Boy taken from parents over smoke
A two-year-old boy has been taken from his parents' care after a health visitor highlighted concerns about the level of cigarette smoke at his home.
Health visitor Julie Allen told a family court judge that she had not come across such a "smoky house" in her 10-year career.
She described the little boy and his father being surrounded by a "visible cloud of smoke" - and said she had difficulty breathing.
Judge Louise Pemberton, who was also told of a number of other concerns about the way the youngster was being cared for, concluded that he should be placed for adoption.
Detail of the case has emerged in a written ruling by the judge following a family court hearing in Hull.
The judge said the family could not be identified. She did not identify the local authority which had asked for the little boy to be placed for adoption, b ut she named individual health and social services staff who had worked with the family.
Judge Pemberton said the little boy had breathing problems and needed an inhaler, a nd she said Ms Allen had "graphically highlighted" concerns about smoke.
"On entering the living room Ms Allen described being able to see a visible cloud of smoke surrounding the father and (the boy)," said the judge.
"(The boy) was asleep on the sofa and had been unwell for some time by this point.
"Ms Allen described the room as 'so smoke entrenched that I had difficulty breathing'.
"She immediately expressed concern to the parents as to the impact of such smoke on (the boy), who had already been prescribed an inhaler within the previous month to help his breathing.
"The parents seemed unable both at that stage and when the issue of smoking around (the boy) was raised by any other professional, to acknowledge or appreciate the concern and adapt their behaviour.
Judge Pemberton added: "Ms Allen ... had not come across such a smoky house in many years (she has been a health visitor for 10 years) and never with such a poorly boy sleeping amidst the smoke."
The judge said community nursery nurse Emma Green had told how the floor of the little boy's home was "cluttered" with rubbish including empty cigarette packets - and had said the boy's home "often smelt very strongly of smoke".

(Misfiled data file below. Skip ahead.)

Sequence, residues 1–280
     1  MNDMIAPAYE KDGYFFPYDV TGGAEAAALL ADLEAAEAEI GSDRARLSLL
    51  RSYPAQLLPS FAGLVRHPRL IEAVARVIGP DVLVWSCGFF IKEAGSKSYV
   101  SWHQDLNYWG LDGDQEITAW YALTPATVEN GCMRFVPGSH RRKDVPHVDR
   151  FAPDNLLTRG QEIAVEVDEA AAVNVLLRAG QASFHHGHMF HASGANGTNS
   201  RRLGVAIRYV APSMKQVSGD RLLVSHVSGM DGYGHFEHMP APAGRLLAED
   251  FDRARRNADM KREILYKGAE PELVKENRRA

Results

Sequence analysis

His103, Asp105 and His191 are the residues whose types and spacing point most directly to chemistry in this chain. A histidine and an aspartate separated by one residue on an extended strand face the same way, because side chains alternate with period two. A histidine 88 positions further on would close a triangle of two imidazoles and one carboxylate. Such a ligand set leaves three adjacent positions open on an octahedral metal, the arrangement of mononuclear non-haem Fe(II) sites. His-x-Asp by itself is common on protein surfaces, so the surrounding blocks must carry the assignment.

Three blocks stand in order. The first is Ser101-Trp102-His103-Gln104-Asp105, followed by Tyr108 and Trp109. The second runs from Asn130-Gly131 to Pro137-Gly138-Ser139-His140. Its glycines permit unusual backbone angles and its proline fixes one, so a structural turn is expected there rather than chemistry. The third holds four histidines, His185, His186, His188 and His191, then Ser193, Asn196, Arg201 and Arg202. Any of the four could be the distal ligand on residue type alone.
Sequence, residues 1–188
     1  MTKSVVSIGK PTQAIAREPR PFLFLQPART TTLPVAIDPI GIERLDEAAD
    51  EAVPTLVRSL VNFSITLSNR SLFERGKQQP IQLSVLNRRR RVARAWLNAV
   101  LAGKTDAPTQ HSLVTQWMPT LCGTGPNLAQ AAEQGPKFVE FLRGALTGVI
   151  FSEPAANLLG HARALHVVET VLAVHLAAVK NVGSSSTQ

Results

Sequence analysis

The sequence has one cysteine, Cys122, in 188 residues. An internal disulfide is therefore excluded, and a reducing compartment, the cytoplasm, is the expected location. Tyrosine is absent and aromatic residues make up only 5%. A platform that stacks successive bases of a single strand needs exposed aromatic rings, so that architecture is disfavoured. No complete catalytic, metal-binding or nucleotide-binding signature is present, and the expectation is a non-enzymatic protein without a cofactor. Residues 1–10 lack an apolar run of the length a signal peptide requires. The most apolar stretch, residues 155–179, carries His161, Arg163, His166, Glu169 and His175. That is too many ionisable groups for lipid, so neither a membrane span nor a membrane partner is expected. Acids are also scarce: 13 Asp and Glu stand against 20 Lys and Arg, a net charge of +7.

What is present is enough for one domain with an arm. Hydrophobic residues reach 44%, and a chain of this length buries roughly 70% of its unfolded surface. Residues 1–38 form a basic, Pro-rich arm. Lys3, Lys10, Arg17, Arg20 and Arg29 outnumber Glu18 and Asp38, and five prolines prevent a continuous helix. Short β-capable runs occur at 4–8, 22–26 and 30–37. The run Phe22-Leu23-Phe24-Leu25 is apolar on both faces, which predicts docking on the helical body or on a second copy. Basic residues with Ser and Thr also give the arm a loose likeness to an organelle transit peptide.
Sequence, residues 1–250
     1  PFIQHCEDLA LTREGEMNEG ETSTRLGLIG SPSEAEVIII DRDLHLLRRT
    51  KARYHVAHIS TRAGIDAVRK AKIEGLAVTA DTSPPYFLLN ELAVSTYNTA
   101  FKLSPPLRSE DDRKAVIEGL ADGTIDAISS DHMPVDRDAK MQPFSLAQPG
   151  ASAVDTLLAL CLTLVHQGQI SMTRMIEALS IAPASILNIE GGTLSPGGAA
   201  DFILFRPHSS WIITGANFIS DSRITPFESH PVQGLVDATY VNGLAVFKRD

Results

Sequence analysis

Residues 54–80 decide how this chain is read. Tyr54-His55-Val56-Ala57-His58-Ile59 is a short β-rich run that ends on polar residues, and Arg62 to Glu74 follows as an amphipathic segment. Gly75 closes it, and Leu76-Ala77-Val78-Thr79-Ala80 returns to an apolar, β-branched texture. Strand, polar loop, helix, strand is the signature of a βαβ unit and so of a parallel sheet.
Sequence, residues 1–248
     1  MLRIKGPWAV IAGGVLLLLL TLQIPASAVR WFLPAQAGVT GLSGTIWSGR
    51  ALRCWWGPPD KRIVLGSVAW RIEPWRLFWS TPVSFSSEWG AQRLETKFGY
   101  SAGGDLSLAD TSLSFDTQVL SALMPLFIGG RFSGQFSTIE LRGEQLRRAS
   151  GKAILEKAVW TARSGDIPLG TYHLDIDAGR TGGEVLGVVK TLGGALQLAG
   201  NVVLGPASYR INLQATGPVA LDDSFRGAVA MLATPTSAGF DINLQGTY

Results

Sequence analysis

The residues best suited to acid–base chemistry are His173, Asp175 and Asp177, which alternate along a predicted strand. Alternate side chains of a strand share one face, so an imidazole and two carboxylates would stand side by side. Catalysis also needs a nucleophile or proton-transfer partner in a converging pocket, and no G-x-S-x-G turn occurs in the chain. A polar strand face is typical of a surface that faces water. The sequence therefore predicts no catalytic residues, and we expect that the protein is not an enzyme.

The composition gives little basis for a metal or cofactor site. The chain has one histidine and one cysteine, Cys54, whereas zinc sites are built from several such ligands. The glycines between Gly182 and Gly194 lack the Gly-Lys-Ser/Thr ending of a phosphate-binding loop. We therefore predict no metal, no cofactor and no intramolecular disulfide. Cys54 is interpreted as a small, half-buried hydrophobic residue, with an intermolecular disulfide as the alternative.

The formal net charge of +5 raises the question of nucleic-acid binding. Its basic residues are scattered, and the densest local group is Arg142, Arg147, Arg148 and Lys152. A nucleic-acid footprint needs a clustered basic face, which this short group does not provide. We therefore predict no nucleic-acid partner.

Social worker Sarah Tomblin had said the little boy's toys and clothes "smelt heavily of smoke".
Health and social services staff had also raised other concerns about the boy's care.
The judge was told that the boy's father had mental health problems, that there had been a "decline" in his parents' "engagement with agencies", that the boy's home was "dirty, smelly and unhygienic".
She also heard that "potential drug paraphernalia" had been spotted at the boy's home and she said the boy's father had tested positive for cocaine.
Judge Pemberton said she was "afraid" that the little boy had suffered harm. She said his parents' care of him had fallen well below "good enough".
"I am afraid that all of these matters lead me to an unavoidable and difficult conclusion that the risks to (the little boy) in being placed with his parents are far too high," said the judge.
"The parents have given me no confidence in their written or oral evidence that they have sufficient understanding and awareness in relation to the professionals' concerns to ensure that such concerns would not arise again in the future.
"Adoption really is the only option now available to (the little boy), in my view, nothing else will do."
She added: "I want (the little boy) to know that in my judgment his parents loved him very much and tried very hard but they were simply not able to meet his needs. "
The couple had opposed the local authority application for their son to be placed for adoption.
Judge Pemberton said the boy's mother had disputed many of the concerns raised about conditions at home and about "levels of smoke".
She had told the judge "we did not smoke in the house" and said she had been "paranoid" about cleanliness.
The judge said she had found much of the woman's evidence "hard to accept".
She said the boy's father had accepted that there was "thick smoke at the property".
A group which supports people's right to smoke stressed that smoking was one of number of concerns raised.
"It's important smokers are considerate to those around them, especially children, so we don't condone smoking throughout the home if children are present," said Simon Clark, director of campaign group Forest.
"Nevertheless it's important to stress that a number of other concerns were raised about the way the child was being cared for so it would be wrong to focus only on the smoking issue.
"The overwhelming majority of parents who smoke know how to behave around children.
"An isolated incident like this must not be used to stigmatise smokers in general, nor should it be seized upon by those who want to ban smoking in the home."
Jan Leightley, managing director of operations at charity Action for Children, said: "It's easy to over-simplify these cases, but it's apparent that this was just one of many factors leading the court to deem this child unsafe in his home.
"In cases of child neglect, professionals such as social workers consider a whole range of issues to build a complete picture of a child's life, based on hard evidence.
"Nearly one in 10 children suffers from neglect, which can take many forms. It's up to professionals to do everything they can to ensure children are in safe, happy environments in which they can thrive."